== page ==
New Food Crush: ‘nduja

Above: There’s one easy way to pronounce ‘njuda, and many ways to enjoy it. Photo: Ellen Mary Cronin.
By Wini Moranville

“There’s a new fat in town!” exclaimed C.J. Bienert owner of the Cheese Shop and Cheese Bar. “And it’s the coolest thing to happen [in] artisanal food in years.”

Bienert was talking about La Quercia’s ’nduja, a spicy prosciutto spread that’s turning a lot of heads both locally and nationally. (The New York Times and Bon Appétit both have written about it enthusiastically.)

First, let me assure you that pronouncing it is much easier than it looks. According to Kathy Eckhouse, who runs La Quercia with her husband, Herb Eckhouse, it’s pronounced “en-do-ya.”

“As in ‘en-do-ya’ love me?” she says.

Frankly, ’nduja is easier to pronounce than it is to describe, as there’s really nothing else quite like it. But once you see and taste it, it makes perfect sense. You could think of it as a little like a very spicy pâté, except it’s not made from liver and it’s a lot more versatile.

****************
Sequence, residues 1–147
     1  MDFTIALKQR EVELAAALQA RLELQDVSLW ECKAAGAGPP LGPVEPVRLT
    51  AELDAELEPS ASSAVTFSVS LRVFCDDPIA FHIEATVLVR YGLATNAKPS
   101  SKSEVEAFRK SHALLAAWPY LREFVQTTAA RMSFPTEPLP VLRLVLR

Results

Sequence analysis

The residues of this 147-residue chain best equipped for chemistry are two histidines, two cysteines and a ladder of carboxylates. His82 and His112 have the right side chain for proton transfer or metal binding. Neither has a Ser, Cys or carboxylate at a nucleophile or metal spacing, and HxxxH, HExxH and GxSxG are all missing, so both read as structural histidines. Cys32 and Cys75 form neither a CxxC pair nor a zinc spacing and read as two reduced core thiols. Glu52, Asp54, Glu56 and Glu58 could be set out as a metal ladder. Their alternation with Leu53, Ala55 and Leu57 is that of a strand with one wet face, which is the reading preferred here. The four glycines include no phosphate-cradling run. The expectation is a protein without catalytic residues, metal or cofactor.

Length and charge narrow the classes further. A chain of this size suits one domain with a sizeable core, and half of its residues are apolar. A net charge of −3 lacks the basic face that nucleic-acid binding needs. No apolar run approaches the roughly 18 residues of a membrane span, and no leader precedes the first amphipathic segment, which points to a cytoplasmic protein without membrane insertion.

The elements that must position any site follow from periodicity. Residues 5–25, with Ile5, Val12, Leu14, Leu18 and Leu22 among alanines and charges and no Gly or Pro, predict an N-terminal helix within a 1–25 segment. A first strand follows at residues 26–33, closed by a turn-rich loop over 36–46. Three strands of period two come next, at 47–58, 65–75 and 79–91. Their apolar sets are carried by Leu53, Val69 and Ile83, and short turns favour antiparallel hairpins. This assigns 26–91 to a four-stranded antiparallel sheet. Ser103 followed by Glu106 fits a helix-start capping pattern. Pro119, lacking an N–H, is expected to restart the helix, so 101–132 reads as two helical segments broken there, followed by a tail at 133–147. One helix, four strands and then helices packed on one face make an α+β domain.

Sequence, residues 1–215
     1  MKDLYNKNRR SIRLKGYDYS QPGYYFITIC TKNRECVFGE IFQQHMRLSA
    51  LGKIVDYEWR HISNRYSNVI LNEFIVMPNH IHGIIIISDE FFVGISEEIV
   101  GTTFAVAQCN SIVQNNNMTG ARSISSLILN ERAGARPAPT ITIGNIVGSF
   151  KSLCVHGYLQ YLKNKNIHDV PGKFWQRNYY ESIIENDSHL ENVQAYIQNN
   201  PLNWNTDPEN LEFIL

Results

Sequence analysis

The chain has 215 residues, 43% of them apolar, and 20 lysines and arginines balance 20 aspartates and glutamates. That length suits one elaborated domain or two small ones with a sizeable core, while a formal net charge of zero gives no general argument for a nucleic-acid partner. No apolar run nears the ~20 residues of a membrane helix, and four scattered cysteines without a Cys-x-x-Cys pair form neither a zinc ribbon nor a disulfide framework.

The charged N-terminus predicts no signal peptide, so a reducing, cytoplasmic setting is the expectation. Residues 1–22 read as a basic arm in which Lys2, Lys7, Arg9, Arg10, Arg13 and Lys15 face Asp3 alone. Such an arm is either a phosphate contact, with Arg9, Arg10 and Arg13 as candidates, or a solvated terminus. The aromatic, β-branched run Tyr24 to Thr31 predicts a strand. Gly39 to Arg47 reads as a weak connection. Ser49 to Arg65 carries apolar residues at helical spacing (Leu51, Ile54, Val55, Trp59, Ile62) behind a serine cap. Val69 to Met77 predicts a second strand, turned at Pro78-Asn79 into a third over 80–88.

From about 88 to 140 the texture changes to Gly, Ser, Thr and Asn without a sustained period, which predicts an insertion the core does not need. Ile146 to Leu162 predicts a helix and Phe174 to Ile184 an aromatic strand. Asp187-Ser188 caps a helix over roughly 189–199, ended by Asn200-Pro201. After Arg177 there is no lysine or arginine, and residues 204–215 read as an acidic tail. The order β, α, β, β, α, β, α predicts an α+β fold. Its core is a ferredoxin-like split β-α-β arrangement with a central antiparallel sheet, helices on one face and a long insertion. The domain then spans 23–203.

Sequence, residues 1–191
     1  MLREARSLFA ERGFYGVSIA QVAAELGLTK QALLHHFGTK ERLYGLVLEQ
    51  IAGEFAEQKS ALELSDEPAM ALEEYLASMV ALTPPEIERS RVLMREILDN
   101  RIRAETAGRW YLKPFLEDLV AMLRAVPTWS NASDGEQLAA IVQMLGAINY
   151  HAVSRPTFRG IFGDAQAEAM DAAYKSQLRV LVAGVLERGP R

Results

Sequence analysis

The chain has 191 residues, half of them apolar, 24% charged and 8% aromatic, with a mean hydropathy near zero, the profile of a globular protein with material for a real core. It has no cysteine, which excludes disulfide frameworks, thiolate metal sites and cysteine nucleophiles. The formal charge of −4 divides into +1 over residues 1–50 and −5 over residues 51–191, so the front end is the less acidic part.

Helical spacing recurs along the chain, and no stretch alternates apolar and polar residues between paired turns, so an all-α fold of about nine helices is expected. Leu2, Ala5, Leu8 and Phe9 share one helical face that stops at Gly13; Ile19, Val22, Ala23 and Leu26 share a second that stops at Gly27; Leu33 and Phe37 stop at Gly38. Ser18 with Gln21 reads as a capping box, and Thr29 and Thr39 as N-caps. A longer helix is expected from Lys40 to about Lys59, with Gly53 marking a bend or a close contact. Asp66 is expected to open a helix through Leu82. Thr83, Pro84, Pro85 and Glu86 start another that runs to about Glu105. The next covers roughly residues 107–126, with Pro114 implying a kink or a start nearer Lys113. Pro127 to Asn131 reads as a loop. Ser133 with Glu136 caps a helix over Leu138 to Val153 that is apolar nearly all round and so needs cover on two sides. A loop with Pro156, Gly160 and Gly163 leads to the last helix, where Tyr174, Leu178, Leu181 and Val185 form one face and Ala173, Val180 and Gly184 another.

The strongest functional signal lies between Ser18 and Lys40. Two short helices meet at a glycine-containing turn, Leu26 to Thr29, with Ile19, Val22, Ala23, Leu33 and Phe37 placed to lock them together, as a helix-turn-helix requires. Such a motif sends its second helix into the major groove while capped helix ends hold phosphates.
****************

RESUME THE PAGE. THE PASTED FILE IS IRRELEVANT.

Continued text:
I asked Kathy Eckhouse how the couple enjoy ’njuda at their house. She offered these tips:

• Stuffed Dates Extraordinare: The Eckhouses’ favorite way to serve it is to stuff a little of the ’nduja into a pitted date; wrap the date with La Quercia pancetta, put it on an ovenproof tray, and bake it for five minutes at 350 degrees.

• Something Even Simpler: Kathy also enjoys simply serving it in a little crock alongside Rustic Bakery Olive Oil and Sea Salt Flatbread Bites. Sounds like a great plan for your next casual aperitivo (that Italian ritual of a drink and nibbles at the end of the workday).

• All Over the Place: “Spread on the inside of a grilled cheese sandwich before grilling/griddling. Toss into sauteed veggies or pasta near the end of cooking. Stir into an insipid pot of beans,” she added. “Plus, it’s pretty tasty on a baked potato.”

Bienert says that he, his staff and his customers have found all kinds of uses for it too, such as using it to lard a chicken, braise greens or start a gravy.

As for me, I especially enjoy it when I need a quick meal in a hurry. I toss cooked, drained pasta with some ’nduja (about one tablespoon per serving) plus olive oil, then serve in a shallow bowl with plenty of grated Italian cheese, such as Parmigiano-Reggiano or Grana Padano. It’s about the best 10-minute entree I know of right now.

Look for La Quercia ’Nduja at the Cheese Shop, select Hy-Vees and Gateway Market.

Wini Moranville writes about food, wine and dining for dsm magazine and dsmWeekly. Follow her on Facebook at All Things Food–DSM.

 

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